Using Pro Tools to keep performances fresh –not sanitized. Many would agree that Pro Tools has allowed people to over-edit and take the life out of music. Sadly, in some cases this is true—but like everything in life: “your actual mileage may vary”. I prefer to use Pro Tools in a way that preserves the excitement of an early take, by fixing the kind of problem that would normally make the band want to do a retake, and potentially lose energy by overplaying a song. “Keep on sailing right past that train wreck guys”, it’s easy for me to fix it with Pro Tools. “Vibe”, on the other hand, is priceless. 

Preserving digital multitracks and mixes for the future. Given the lack of standards for archiving album projects these days, I’m concerned that the music industry will have thousands of albums produced since the digital era began in the ‘90‘s that will not be able to be recovered. For example, even if engineers are lucky enough to recover the digital data off an antiquated tape backup drive, they are then faced with the challenge of opening an older Pro Tools session, on a current computer, and hoping to find all the right plug ins and audio files to have it play back successfully.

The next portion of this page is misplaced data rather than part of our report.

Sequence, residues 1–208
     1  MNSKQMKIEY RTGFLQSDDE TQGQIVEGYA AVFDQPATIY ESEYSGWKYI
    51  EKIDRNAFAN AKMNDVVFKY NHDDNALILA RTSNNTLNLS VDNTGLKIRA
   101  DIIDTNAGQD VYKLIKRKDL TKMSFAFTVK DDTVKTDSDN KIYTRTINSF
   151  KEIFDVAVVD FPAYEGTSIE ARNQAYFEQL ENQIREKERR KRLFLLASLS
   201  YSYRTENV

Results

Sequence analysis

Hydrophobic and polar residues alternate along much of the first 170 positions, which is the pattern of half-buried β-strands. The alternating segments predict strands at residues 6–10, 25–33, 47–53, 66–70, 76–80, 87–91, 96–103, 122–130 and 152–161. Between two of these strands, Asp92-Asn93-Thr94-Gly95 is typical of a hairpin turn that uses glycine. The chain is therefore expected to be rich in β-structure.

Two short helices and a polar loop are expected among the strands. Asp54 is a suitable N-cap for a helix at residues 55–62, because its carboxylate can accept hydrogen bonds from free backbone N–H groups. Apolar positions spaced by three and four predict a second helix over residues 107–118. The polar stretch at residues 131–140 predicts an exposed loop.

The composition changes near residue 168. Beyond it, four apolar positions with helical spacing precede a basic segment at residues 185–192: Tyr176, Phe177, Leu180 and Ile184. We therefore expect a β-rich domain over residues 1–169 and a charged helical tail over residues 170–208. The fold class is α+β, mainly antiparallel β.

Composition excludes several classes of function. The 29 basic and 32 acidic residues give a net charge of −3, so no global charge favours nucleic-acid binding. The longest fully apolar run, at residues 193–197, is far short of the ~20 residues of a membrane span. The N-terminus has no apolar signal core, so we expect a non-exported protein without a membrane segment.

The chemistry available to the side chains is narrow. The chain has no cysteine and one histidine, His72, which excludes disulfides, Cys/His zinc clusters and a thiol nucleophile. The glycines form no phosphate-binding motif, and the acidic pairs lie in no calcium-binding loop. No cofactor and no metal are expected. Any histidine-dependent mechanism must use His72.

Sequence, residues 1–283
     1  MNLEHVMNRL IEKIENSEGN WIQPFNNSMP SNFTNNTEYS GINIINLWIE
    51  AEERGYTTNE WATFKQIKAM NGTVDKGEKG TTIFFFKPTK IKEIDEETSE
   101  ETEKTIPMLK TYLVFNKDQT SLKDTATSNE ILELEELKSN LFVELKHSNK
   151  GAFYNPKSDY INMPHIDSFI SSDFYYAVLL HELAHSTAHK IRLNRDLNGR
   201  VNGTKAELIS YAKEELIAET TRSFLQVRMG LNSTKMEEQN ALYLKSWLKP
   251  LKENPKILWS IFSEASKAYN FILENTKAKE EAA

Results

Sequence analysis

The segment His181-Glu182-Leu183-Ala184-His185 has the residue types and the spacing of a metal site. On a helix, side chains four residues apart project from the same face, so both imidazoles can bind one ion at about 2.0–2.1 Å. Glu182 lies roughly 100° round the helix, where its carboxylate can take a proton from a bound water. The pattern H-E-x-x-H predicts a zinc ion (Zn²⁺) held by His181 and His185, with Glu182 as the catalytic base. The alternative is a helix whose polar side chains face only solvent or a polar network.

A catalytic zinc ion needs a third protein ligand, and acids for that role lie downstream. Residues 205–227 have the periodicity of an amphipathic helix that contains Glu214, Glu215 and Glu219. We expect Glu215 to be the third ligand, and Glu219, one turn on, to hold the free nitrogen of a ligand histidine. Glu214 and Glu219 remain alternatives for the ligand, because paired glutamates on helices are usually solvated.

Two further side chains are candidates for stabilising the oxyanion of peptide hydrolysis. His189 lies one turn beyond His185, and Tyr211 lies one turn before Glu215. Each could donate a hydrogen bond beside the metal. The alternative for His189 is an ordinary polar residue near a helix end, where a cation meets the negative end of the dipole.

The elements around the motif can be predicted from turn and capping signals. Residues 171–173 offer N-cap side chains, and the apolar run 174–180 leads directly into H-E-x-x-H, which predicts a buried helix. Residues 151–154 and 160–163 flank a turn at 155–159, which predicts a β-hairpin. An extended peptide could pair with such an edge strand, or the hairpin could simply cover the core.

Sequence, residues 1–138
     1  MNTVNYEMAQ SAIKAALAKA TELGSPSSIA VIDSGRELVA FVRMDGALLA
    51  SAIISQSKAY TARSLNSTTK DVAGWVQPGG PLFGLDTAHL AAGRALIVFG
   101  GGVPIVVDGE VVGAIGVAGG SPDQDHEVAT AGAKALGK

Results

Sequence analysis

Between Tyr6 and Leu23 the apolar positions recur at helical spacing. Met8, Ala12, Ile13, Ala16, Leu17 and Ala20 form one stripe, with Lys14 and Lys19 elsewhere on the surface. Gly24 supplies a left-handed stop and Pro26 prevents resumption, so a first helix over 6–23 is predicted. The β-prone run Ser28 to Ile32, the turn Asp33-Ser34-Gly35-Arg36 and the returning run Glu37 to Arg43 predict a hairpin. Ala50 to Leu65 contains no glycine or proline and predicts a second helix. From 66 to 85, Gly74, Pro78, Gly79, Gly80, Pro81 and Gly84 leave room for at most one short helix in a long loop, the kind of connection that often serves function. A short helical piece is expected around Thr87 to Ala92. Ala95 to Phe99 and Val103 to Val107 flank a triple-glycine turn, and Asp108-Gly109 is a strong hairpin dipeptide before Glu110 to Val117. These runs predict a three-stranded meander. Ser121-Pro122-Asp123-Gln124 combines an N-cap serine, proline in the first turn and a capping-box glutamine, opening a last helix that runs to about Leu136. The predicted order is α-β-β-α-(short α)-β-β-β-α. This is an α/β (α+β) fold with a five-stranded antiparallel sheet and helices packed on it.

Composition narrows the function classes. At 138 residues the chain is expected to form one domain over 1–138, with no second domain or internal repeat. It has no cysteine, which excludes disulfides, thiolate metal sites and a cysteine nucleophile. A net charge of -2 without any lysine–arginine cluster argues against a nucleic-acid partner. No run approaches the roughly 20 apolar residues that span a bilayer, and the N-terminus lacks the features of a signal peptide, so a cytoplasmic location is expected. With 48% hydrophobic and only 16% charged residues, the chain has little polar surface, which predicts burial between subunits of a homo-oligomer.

And what about the master digital mixes? Not the “mastered” CD, but the mixes that were used as the “source” at the mastering session (like analog 2 tracks used to be). Is it clear where to find them and are they clearly labeled? This is usually left up to the engineer, or assistant engineer who made the album. Some have their act together and some don’t. Unless proper after-completion archiving is standardized, and accounted for in project budgets beforehand, we run the risk of not being able to access something very valuable in the future: the multitrack masters and the stereo mixes.

Working with talented, sane people. Enough said ;-)